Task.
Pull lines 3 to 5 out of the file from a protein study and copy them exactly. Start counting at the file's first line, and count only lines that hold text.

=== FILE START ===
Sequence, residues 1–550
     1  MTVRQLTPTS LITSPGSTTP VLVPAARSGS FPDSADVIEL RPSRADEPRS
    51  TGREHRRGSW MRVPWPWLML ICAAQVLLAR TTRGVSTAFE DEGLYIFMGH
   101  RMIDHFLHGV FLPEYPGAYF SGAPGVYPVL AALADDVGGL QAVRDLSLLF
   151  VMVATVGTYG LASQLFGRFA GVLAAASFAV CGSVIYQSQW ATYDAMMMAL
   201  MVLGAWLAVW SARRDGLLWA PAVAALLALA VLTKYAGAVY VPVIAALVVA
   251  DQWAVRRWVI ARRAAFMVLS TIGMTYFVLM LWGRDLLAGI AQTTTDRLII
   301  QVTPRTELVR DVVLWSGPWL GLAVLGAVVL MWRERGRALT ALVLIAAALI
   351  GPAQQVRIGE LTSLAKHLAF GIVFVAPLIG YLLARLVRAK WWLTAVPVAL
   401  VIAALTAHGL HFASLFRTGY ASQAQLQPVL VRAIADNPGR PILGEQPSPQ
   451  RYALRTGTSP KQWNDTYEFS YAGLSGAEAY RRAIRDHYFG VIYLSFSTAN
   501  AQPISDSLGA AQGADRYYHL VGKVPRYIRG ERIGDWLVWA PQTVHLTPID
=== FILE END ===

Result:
    51  TGREHRRGSW MRVPWPWLML ICAAQVLLAR TTRGVSTAFE DEGLYIFMGH
   101  RMIDHFLHGV FLPEYPGAYF SGAPGVYPVL AALADDVGGL QAVRDLSLLF
   151  VMVATVGTYG LASQLFGRFA GVLAAASFAV CGSVIYQSQW ATYDAMMMAL